Both groups bulked up, but the obese mice had similar metabolic and heart health indicators to the lean mice, and better than obese mice that could produce myostatin.
“While much more research is needed, at this point myostatin appears to be a very promising pathway for protection against obesity-derived cardiometabolic dysfunction,” says researchers Joshua Butcher.
Assuming that you can extrapolate these findings to humans – which itself could be drawing a long bow – researcher and sports dietitian Karen Murphy, from the University of South Australia, expresses concern about replacing exercise with a pill.
“There are multitudes of benefits to physical activity beside burning muscle, like heart health, physical health, weight control, mental health and social interaction,” she says. Even cognitive decline can be buffered with exercise, as well as bone density.
And many other nutrients are essential for wellbeing and muscle mass.
“Most people consuming a balanced diet, with foods from all food groups in the right portions, will have little need for a supplement,” says Murphy.
“For some populations an added supplement that boosts muscle synthesis might help such as in elderly populations where muscle wasting is seen. However, to build muscle you also have to work the muscle.”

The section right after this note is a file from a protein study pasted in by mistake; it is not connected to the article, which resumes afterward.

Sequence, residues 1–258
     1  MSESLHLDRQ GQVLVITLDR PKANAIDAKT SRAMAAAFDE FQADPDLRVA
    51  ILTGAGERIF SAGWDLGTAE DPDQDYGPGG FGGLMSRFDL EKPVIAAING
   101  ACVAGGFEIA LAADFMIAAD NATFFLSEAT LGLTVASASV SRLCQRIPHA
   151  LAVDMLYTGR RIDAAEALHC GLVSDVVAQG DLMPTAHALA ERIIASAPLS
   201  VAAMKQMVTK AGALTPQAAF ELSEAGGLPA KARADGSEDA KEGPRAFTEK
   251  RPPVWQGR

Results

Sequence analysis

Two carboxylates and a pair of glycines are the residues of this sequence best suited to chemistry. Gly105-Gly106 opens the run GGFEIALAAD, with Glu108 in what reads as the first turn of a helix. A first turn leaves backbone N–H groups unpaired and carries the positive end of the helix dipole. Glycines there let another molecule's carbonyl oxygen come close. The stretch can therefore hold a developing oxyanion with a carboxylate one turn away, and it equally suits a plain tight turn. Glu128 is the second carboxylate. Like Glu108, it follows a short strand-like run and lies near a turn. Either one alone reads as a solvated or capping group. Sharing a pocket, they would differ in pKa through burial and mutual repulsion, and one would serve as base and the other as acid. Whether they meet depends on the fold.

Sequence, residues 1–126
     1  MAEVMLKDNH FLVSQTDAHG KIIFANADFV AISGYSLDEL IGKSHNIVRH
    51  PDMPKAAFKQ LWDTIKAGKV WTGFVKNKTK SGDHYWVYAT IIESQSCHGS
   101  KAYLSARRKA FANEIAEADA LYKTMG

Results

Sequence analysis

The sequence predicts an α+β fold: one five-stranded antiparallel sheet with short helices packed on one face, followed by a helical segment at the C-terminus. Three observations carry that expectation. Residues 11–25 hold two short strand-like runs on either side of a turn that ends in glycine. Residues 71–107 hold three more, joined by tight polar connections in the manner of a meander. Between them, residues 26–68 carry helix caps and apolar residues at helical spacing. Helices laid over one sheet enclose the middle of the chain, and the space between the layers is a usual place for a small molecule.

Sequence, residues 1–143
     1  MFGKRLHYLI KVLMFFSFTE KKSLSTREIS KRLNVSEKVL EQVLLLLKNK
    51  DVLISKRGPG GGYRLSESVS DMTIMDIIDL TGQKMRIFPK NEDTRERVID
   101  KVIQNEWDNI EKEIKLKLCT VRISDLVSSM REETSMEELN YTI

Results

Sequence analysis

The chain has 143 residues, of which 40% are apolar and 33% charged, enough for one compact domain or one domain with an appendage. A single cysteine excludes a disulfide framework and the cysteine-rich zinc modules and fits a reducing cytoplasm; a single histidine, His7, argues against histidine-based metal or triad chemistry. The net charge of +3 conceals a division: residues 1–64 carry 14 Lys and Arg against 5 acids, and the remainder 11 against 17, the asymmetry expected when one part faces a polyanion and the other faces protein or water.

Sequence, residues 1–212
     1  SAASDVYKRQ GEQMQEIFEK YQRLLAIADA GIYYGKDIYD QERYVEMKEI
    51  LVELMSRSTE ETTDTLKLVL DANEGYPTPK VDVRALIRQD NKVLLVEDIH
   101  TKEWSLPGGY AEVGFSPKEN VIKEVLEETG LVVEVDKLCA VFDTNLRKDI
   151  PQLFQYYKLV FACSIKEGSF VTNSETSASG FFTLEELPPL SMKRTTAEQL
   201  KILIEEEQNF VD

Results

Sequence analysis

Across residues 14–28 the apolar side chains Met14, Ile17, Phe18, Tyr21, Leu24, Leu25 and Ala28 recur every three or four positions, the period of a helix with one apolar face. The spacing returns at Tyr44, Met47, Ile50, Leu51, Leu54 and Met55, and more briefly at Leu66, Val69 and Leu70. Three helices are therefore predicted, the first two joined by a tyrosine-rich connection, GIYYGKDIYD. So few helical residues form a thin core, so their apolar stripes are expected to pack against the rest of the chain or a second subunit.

Essentially, for people who genuinely can’t exercise, there could be some benefits to pills – but they still can’t replace all the other benefits of moving your body.
Even incapacitated people with dementia can derive surprising benefits from personalised movement.
And in a world where people are moving less, getting active is more important than ever.
Since omega-3 fats were discovered in the 1970s, growing evidence has found they have far-reaching benefits for the body and brain, from fighting heart disease and improving cognition, arthritis and eye health to warding off anxiety and depression.
More recently, studies have revealed these active fats may improve protein metabolism in skeletal muscles, which could have implications for loss of muscle mass and strength with aging.
Skeletal muscle comprises 45% of body mass and is critical for physical function, respiratory and overall metabolic health and recovery from illness or surgery.
Yet muscle mass and strength start waning with age as muscle protein breaks down more quickly than it can be regenerated.